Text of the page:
A prominent community activist group is urging federal regulators to block Zions Bancorp.'s planned acquisition of Sumitomo Bank of California.

In a protest filed last week with the Federal Reserve Board and Federal Deposit Insurance Corp., the Greenlining Institute said less than 1% of Sumitomo's 1996 commercial loan volume went to businesses owned by African- Americans.

In addition, the Labor Department is investigating whether the Japanese- owned San Francisco bank discriminated against blacks, Latinos, or women in its hiring of top managers, the group said.

The Greenlining Institute's general counsel, Robert Gnaizda, said, "Allowing this acquisition to go through would reward Sumitomo while a government agency is still probing its hiring practices."

Robert G. Sarver, who has been appointed Zions' chief executive officer for California, denied the accusations. He said they are based on outdated information.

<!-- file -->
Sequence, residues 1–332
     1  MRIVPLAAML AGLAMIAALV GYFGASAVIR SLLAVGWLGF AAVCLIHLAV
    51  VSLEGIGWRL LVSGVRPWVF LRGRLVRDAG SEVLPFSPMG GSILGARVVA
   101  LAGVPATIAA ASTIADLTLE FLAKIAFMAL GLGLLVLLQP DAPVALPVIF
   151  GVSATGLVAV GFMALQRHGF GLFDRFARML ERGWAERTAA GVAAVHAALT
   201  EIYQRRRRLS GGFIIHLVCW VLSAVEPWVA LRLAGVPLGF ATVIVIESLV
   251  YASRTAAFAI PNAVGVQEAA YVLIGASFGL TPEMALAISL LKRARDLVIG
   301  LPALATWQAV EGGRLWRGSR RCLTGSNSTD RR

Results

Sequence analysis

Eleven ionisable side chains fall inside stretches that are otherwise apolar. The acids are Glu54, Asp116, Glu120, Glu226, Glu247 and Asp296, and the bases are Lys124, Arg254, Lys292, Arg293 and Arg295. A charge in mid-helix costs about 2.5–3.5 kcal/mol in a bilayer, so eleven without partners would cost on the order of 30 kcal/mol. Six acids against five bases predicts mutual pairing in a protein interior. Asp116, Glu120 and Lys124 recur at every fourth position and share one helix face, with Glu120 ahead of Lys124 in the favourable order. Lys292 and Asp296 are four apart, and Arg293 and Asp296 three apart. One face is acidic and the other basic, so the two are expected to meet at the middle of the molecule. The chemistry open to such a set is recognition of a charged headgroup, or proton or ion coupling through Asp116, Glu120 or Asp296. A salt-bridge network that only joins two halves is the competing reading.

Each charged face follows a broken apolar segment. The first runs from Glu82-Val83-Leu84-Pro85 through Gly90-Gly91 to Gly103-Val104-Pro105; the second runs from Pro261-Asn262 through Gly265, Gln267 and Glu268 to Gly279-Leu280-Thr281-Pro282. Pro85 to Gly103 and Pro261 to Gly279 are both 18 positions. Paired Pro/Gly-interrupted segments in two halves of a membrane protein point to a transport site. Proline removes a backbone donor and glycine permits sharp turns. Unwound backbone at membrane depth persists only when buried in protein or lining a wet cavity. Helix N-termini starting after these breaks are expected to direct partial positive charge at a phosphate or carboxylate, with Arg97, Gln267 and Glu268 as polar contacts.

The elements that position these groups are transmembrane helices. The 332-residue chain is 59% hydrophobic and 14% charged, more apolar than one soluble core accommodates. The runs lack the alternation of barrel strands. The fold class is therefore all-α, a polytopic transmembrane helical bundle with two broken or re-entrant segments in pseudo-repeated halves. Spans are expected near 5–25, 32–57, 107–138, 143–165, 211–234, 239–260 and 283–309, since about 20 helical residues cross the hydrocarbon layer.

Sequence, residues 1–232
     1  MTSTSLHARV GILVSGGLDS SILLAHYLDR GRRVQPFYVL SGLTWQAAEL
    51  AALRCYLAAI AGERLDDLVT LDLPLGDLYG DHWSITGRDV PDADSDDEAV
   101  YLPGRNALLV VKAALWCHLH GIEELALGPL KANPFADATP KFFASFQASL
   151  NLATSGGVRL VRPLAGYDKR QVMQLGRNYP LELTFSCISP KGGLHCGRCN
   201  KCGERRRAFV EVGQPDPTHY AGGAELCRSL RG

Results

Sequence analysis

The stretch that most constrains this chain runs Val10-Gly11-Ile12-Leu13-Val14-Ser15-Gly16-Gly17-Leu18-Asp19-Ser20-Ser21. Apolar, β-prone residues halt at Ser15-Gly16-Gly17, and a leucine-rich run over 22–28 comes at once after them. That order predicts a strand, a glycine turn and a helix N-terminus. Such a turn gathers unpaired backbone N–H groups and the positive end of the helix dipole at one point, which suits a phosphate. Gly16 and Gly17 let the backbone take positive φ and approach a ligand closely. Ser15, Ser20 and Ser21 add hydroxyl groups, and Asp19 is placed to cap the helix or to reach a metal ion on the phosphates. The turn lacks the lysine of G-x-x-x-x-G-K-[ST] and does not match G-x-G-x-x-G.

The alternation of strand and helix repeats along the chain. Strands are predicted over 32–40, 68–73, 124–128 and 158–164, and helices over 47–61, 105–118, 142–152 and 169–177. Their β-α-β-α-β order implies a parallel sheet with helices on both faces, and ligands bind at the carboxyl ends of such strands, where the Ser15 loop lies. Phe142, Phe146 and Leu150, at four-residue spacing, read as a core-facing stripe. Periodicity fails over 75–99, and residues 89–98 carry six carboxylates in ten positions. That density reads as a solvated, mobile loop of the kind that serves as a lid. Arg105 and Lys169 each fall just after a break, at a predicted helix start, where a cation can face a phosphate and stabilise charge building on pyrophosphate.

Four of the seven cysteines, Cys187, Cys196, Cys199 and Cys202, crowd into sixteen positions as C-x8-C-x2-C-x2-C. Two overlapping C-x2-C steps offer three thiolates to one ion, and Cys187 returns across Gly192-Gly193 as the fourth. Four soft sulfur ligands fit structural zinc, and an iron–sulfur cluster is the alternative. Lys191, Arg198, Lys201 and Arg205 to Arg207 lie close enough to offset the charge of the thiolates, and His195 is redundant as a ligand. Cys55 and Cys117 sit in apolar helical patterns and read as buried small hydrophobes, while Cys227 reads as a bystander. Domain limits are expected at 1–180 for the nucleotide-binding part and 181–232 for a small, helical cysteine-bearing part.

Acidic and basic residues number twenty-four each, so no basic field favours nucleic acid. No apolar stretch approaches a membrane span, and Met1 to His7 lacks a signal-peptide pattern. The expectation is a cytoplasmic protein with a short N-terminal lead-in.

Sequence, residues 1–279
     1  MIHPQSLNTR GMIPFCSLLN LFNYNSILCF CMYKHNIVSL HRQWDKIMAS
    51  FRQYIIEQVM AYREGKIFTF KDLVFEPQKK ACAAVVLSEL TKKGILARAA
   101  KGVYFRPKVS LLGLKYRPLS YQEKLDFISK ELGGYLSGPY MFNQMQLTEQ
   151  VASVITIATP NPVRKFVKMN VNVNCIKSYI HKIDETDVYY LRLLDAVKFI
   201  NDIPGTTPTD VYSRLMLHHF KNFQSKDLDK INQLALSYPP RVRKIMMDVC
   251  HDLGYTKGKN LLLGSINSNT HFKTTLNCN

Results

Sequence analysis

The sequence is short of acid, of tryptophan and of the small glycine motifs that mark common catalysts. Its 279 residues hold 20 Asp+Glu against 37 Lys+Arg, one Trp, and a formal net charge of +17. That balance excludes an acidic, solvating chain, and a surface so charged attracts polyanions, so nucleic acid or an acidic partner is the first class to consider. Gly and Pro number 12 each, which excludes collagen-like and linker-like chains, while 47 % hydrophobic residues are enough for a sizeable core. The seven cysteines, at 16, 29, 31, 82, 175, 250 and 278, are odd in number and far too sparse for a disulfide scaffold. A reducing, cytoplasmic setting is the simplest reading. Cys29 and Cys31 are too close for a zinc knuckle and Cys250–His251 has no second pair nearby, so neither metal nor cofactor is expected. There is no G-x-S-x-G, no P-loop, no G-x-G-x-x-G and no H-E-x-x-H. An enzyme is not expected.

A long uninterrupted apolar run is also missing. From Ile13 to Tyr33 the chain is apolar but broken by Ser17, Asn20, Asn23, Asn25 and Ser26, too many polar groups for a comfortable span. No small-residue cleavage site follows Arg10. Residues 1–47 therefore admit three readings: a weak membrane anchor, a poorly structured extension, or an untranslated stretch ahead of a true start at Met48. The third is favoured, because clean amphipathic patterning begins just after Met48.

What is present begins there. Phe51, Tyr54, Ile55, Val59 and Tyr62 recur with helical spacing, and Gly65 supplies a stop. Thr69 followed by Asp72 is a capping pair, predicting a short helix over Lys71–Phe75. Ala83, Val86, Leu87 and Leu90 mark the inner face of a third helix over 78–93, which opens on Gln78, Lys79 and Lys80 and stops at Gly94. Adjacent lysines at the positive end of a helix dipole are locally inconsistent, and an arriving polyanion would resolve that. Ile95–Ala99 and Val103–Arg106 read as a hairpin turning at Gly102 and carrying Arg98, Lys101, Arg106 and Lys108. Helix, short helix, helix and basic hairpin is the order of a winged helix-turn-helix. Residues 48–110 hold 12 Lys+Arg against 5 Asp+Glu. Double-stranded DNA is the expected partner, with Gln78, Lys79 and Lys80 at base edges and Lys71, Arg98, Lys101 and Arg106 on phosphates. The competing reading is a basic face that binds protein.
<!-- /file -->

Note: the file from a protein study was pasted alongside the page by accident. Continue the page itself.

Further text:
"When I look around the Sumitomo offices today, it looks like the United Nations," Mr. Sarver said. "Their representation of different ethnic categories in senior management is very strong."

Though Mr. Gnaizda conceded that Sumitomo's work force has become slightly more diverse, he said most of the employees are still of Japanese descent. This has led the bank to focus on lending to customers with a similar ethnic background, he said.

"They have been dependent on the Japanese community for their profits," Mr. Gnaizda said.

He said the Labor Department began its investigation in December 1996 after the Greenlining Institute complained about the hiring practices. The investigation continues, he said, because Sumitomo has been "blocking information on pay differences and promotions.".

A Labor Department official was unavailable for comment last week.

Greenlining also called for a $4.2 billion, 10-year low-income lending commitment from Zions in California, where its business will consist of the recent and pending acquisitions of the $5 billion-asset Sumitomo, $720 million-asset Grossmont Bank of San Diego, and $350 million-asset Pacific National Bank of Escondido.

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